“One of the things that’s really helpful when it comes to data and e-commerce is when you can capture people at a particular life stage,” Mayer explains. “It’s why people liked wedding registries. You get married, then you have children and [the retailer] can follow the children’s ages and start anticipating that customer’s needs and what they’re going to want two years from now.”
In terms of “predictable supply chain, for inventory selection, for just being able to meet that moment, having insight into those stages is really important and helpful,” she says. It can also be very lucrative for Maisonette as it continues to build out its business, notes Mayer.
Certainly, much is working in the company’s favor already. To Mayer’s point, Roccia says that more than half of Maisonette’s sales last year came from repeat customers. More, it already has an audience of more than 800,000 people who either receive emails from the company or follow its social media channels. (Maisonette also features a healthy dose of content at its site.)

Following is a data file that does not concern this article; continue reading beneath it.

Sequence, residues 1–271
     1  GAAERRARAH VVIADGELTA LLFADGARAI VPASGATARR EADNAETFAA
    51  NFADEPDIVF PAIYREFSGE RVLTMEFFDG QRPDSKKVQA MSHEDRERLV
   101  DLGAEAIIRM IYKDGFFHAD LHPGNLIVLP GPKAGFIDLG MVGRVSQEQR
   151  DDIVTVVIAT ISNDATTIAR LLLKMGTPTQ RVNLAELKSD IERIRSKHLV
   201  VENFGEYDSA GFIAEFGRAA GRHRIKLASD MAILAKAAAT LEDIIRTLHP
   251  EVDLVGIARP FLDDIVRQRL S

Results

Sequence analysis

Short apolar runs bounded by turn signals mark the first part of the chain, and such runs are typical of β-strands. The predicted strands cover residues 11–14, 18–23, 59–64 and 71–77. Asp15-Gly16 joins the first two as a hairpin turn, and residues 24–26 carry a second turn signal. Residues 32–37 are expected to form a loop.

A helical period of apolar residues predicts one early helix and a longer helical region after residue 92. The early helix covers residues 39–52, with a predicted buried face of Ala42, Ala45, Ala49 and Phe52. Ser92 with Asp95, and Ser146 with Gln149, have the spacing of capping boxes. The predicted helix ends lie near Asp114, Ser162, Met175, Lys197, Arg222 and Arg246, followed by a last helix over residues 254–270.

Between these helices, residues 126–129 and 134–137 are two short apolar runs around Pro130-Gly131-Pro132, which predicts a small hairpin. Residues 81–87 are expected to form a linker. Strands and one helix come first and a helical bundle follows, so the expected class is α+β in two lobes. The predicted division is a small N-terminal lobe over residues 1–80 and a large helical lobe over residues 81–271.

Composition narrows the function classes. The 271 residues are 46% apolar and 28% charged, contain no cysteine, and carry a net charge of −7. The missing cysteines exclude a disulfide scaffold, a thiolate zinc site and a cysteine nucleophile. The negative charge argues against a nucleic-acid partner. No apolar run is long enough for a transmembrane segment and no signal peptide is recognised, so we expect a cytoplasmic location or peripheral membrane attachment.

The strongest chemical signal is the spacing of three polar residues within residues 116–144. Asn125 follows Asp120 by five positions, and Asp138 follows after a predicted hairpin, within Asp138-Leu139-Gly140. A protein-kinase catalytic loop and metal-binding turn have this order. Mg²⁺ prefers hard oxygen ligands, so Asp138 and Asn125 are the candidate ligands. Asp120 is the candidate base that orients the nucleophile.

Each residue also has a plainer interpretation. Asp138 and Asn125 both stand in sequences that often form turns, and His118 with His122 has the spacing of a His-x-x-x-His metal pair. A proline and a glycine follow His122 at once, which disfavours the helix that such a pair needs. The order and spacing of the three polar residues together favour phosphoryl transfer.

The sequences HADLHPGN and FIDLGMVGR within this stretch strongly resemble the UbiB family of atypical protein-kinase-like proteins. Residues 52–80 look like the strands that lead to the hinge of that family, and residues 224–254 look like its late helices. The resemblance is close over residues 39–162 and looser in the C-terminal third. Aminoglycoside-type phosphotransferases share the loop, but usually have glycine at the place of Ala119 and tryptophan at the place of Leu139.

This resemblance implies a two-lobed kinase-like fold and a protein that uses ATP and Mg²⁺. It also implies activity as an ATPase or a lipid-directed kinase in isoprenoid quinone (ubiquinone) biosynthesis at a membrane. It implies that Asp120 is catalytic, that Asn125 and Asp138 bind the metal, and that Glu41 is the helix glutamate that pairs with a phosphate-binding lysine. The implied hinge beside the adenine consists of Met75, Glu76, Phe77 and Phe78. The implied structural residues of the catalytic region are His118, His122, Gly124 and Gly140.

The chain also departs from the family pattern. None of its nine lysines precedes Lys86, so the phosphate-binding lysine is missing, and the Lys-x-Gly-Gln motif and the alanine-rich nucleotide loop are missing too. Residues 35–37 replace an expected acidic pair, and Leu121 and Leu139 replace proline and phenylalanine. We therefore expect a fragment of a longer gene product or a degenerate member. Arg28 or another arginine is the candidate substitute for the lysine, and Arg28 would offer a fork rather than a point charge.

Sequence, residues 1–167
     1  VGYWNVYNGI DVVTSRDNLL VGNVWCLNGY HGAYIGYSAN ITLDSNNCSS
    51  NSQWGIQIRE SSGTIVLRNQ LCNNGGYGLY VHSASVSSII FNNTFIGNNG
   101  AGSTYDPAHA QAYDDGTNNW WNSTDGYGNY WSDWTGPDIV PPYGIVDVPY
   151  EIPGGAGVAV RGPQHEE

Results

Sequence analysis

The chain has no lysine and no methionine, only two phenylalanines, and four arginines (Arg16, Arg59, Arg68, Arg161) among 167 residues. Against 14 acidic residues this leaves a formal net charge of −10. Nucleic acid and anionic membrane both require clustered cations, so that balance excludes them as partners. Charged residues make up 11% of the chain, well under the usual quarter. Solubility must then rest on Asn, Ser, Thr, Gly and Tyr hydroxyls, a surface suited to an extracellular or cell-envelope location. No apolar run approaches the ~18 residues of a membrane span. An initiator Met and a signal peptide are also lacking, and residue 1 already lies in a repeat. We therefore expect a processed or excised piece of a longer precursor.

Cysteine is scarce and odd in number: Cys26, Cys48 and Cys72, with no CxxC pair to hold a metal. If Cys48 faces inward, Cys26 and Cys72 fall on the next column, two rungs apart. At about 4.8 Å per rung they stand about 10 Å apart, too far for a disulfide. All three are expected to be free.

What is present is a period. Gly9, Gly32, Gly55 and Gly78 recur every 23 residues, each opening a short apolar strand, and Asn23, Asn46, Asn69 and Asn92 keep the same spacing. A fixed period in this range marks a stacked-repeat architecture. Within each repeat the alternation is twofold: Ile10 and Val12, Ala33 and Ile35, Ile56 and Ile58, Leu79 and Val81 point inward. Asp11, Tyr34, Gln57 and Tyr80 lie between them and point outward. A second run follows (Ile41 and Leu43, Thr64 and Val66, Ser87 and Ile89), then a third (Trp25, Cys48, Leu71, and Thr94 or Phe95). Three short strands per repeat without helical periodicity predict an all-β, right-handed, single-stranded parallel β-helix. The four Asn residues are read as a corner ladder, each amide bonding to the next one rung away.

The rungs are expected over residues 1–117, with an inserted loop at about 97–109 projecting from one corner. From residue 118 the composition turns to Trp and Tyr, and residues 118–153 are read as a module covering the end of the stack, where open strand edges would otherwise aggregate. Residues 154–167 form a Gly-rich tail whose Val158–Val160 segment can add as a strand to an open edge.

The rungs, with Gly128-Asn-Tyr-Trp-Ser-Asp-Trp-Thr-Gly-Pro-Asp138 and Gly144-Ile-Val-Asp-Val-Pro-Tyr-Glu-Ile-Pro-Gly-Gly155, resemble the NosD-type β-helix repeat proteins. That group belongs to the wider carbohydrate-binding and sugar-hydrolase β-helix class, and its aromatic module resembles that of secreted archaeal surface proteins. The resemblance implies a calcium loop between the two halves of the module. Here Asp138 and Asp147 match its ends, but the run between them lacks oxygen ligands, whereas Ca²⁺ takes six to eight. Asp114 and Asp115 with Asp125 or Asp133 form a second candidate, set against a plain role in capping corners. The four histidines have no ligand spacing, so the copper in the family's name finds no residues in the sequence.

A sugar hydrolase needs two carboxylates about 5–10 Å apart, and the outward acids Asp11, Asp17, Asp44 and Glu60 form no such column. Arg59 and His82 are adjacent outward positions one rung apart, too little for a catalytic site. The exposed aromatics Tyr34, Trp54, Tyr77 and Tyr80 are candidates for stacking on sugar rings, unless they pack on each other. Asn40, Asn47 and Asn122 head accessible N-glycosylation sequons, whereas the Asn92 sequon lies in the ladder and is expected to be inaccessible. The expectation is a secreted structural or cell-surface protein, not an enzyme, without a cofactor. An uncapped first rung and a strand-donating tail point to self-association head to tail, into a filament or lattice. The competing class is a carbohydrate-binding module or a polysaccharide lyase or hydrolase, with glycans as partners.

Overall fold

Unlike some e-commerce businesses, Maisonette is asset-lite, too. Though it has opened a handful of pop-up stores previously and was contemplating a bigger move into retail (“that’s now on pause,” says Durrett), the company doesn’t have warehouses to manage. Instead, items are shipped directly to customers from the various retailers featured at its site.
Perhaps most meaningful of all, the company is competing in what is a massive and growing market. In the U.S. alone, the children’s apparel market is estimated to be $ 34 billion. Meanwhile, the children’s market is $ 630 billion globally. While Maisonette is selling to U.S. customers alone right now, it plans to use some of that new funding to move into international markets, says Roccia, who has been living in Milan with her own four children during the pandemic, while Durrett began working out Maisonette’s mostly empty Brooklyn headquarters in January to create a bit of space from her three.